According to Turner Entertainment president Roger Mayer, all films should be restored and preserved.
“When we first started film preservation we would sit around and try to decide which films to preserve and say, ‘This film will last but that one won’t.’ But we were wrong half of the time. You will not know whether a film is a classic right away. It really doesn’t retain its position as a work of art until 10, 20, 25 years later.”
This all-inclusive mentality may be one of the reasons why Mayer — following in the footsteps of Quincy Jones, Elizabeth Taylor and Audrey Hepburn — will receive the Jean Hersholt Humanitarian Award on Oscar night.
Academy of Motion Picture Arts & Sciences prexy Frank Pierson explains that Mayer’s numerous philanthropic activities, “longtime efforts on behalf of the Motion Picture and Television Fund as well as his efforts in film preservation” persuaded the board of governors that he was an appropriate Hersholt candidate.
Serving on the MPTF for over 25 years, eight of them as chair of its board of trustees, Mayer is also the founding chair of the board of directors of the National Film Preservation Foundation, created by Congress in 1996 to preserve “orphan films” — those with no studio or other entity with an economic motive to save them. Additionally, he is a member of the National Film Preservation Board, advising on which films should be added to the National Film Registry and their subsequent preservation at the Library of Congress.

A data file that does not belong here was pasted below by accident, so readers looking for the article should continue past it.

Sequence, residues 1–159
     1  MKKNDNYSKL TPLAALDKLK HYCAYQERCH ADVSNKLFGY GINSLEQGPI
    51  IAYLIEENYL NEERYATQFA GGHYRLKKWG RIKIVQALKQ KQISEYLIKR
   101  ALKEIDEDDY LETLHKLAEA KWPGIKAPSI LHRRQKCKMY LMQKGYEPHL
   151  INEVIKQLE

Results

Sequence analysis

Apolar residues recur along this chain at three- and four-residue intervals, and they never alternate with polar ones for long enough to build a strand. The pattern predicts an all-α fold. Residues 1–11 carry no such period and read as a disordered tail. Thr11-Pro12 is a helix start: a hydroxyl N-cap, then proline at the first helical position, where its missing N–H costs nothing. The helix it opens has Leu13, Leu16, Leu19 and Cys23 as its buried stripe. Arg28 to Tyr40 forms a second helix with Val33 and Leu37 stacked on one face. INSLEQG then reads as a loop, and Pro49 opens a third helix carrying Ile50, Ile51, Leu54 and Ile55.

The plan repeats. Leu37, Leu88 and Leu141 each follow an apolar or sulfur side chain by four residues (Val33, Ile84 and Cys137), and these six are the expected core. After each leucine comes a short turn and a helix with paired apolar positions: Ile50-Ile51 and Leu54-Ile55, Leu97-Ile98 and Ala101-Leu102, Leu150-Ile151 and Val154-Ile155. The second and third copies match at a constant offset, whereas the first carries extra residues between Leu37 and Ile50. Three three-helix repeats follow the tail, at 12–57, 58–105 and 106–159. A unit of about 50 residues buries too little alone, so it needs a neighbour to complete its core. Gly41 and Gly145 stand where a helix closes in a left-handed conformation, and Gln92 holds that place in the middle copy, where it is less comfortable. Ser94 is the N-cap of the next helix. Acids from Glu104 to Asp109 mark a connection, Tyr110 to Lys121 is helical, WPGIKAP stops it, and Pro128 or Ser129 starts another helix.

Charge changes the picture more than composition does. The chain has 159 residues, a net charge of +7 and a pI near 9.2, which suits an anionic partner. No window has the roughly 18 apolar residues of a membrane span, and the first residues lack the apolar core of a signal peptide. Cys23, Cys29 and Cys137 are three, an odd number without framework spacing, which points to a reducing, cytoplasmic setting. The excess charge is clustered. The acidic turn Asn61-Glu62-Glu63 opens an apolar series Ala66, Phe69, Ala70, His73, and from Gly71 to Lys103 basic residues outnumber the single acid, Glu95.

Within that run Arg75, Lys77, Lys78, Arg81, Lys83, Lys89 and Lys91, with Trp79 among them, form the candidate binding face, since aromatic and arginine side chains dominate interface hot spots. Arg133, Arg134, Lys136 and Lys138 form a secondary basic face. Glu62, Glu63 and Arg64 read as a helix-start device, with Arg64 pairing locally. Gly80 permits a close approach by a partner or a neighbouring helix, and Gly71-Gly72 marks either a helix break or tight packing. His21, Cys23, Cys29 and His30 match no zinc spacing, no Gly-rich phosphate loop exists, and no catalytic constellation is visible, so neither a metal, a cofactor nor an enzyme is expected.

Mayer has spent a lifetime quietly restoring countless features, television shows, animation and short subjects.
“The most difficult (film to restore) over the years has been ‘Gone With the Wind’ because it not only was the longest, but it was filmed in three-strip Technicolor,” Mayer says. “We have certainly spent a lot of time and money — more money than any other — keeping that (film) in good shape.”
But perhaps even more challenging than the endless process of restoration is convincing the public that films are an endangered species.
“The general public has no idea (about film preservation),” Mayer says. “There is no reason that they should sit and worry about ‘The Wizard of Oz.’ They see it. It looks good and that’s all they know.”